Sit back and re-flax

Country Life UK|July 01, 2020

Sit back and re-flax
Once a familiar sight throughout Britain, delicate blue flax flowers are once again gracing the fields of the Cotswolds. Jane Wheatley discovers more about the production and many uses of linen
Jane Wheatley

EACH May and June on a farm at the edge of the Cotswold town of Stroud, there appears a small sea of clear, pale blue, the colour of an English summer sky. It is flax, its delicate flowers blooming on tall, slender stems amid the green and gold of neighbouring arable crops.

This half-acre patch is grown by Simon Cooper and the crop is processed in a small workshop on the banks of the River Frome at the bottom of his garden. Together with a tiny group of fellow enthusiasts, Mr Cooper is tending the first green shoots of a flax revival.

The Latin name for flax is Linum usitatissimum—most useful—and, every summer for centuries, many thousands of British acres were covered in blankets of blue. After harvesting, the stems were processed by watermills or hand-dressed in cottages and farmhouses and spinners would be busy with distaff, bobbin and wheel, producing spools of yarn to be woven into linen cloth. Its uses were manifold: coarser weaves for sailcloth when Britain ruled the waves; medium weight for bed sheets and tablecloths; and the finer stuff for clothing. A good linen shirt was a prized possession, to be left in a will for the next generation.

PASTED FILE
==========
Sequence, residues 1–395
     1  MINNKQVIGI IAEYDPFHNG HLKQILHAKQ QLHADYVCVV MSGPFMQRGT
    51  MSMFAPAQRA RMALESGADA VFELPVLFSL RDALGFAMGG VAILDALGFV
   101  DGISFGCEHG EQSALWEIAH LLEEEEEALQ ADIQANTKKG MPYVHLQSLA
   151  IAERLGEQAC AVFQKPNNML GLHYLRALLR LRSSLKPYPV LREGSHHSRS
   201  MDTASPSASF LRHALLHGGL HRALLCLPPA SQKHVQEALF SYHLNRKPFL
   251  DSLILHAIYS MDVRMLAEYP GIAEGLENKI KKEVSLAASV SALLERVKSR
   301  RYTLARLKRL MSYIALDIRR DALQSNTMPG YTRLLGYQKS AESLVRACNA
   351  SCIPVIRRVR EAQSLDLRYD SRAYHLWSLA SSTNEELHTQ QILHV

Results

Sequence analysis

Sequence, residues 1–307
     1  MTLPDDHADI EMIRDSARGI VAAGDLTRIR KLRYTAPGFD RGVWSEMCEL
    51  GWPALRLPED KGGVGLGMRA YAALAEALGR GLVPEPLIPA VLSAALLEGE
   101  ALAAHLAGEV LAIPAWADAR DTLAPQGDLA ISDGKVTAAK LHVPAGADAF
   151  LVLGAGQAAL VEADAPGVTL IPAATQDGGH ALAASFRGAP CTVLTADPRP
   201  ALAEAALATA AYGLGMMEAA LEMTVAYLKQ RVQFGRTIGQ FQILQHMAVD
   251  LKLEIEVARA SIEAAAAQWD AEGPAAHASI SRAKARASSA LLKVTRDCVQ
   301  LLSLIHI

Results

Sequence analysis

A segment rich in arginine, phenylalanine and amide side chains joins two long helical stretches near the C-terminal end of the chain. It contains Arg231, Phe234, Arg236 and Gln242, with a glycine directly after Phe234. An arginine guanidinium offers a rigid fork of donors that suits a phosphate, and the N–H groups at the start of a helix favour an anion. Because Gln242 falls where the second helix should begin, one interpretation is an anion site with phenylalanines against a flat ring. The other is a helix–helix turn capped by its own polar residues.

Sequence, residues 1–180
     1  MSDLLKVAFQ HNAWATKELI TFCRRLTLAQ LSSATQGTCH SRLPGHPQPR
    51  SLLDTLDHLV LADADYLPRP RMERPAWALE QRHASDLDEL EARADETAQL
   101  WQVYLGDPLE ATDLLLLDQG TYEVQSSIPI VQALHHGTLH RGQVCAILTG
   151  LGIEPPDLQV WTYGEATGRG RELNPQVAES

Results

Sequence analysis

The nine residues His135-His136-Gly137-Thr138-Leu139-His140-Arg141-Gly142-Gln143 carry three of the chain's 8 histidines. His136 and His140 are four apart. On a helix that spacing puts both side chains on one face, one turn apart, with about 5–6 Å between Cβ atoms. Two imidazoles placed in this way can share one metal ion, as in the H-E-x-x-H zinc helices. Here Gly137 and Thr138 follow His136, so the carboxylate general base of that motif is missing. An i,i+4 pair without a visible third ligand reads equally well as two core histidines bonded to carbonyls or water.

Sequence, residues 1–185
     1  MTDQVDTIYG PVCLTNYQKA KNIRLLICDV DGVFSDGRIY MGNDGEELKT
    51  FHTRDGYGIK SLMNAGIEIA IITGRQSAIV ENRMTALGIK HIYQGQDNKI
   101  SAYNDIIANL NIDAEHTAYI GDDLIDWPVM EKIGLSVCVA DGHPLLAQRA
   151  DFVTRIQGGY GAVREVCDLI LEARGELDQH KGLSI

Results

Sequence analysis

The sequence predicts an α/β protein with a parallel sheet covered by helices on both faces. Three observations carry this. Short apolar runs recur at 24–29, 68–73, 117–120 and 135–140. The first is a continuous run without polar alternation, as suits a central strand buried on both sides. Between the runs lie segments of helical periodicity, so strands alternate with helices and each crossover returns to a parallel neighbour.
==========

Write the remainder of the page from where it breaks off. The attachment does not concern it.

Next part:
The Industrial Revolution took production out of the countryside and into the great northern mill towns, where flax was gradually superseded by cotton from America. Soft, fluffy balls of cotton were far easier to process than tough flax fibre and cheaper to import, due to slave labour.

By the time Mr Cooper sowed his first seeds some 12 years ago, there had been no flax cultivated on a commercial scale in Britain for more than half a century—the last field was on the Sandringham estate in 1950—and linen production had declined along with it. There were once thousands of linen mills in Northern Ireland and Belfast was known as Linenopolis. Now, only a handful weave the famed Irish linen from imported yarn. Flax is grown and processed in China, Russia and the Baltic, but the best-quality yarn comes from the flax fields of Flanders, 175 acres of a coastal band stretching from Caen in France to Amsterdam in the Netherlands.

Mr Cooper’s fascination with flax began when he was restoring an Irish curragh: ‘The cotton canvas over the frame was full of holes, so we stripped it off and covered it in linen sourced from an art supplier—it was a lot stronger than cotton.’ Then, he had a novel idea: ‘I thought I could sow a crop of flax and grow my own boat.’


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July 01, 2020